Paper for every purpose

There have been so many changes in the world of paper since the first days of development to the point where there is now a paper for every possible purpose.

Paper is normally assessed within two different areas; its technological qualities and its usage. In terms of the relevant technological qualities, these include: the raw materials used to create the paper which give it a greater or lesser quality; thickness; colour; collation; tensile and tear strength; weight; size and watermark. The paper is then also classified as fine, common or coarse.

When it comes to usage, if you can use the paper to write or draw it is referred to as an impression paper, whereas if it is absorbent it is called a non-coliated paper (also suitable for napkins or small linen items). If the paper is used for packaging then it becomes known as a wrapping paper. There are also some special types of paper which provide different and unusual finishes for bespoke items such as photo sensitive papers, charcoal, oiled, coated, metallic, parchment, wax, laminated, flockage and stained glass.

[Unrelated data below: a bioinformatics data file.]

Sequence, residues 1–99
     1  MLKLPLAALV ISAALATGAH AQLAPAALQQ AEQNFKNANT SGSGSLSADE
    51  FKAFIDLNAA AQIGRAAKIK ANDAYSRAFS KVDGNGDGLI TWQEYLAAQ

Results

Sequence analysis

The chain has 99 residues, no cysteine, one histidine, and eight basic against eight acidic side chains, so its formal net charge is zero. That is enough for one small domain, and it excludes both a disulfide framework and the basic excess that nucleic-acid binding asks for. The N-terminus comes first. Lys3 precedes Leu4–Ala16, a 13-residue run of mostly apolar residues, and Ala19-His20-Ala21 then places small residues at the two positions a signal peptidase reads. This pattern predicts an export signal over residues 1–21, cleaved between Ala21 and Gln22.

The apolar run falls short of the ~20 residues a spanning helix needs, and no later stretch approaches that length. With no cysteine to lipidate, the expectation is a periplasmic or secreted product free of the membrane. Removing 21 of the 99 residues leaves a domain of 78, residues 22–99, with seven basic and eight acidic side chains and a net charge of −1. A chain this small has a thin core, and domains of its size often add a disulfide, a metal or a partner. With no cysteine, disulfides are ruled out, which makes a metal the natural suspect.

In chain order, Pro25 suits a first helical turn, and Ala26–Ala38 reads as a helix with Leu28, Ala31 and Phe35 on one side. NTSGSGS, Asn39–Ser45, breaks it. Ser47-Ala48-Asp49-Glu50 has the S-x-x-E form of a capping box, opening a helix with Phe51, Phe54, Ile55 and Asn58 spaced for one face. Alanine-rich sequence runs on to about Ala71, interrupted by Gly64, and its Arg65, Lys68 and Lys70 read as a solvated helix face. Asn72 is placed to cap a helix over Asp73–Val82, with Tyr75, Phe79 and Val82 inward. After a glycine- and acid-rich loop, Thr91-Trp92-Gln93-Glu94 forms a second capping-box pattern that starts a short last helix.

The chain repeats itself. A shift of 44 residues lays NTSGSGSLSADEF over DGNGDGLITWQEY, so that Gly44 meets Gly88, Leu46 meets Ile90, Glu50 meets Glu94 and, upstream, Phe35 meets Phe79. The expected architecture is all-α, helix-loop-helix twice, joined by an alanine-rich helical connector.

One of the most special types of paper is the one which is used for printing paper money. Until recently, most bank notes were made from cotton paper with a weight of 80 to 90 grams per square metre. The cotton is sometimes mixed with linen, abaca or other textile fibres to make it more resilient than normal paper and also infused with polyvinyl alcohol or gelatin to give it extra strength. 

As well as this very particular paper, a special process is used to make paper money to ensure that it is hard to copy. A watermark and thread are incorporated as a security component, comprising fluorescent, magnetic, metallic and micro print elements and coatings are used to reduce the accumulation of dirt on the note.

Of course, our £5 and £10 bank notes are now made from a plastic material called polymer which is cleaner, more secure and longer-lasting so it may just be a matter of time until our special paper money becomes a thing of the past.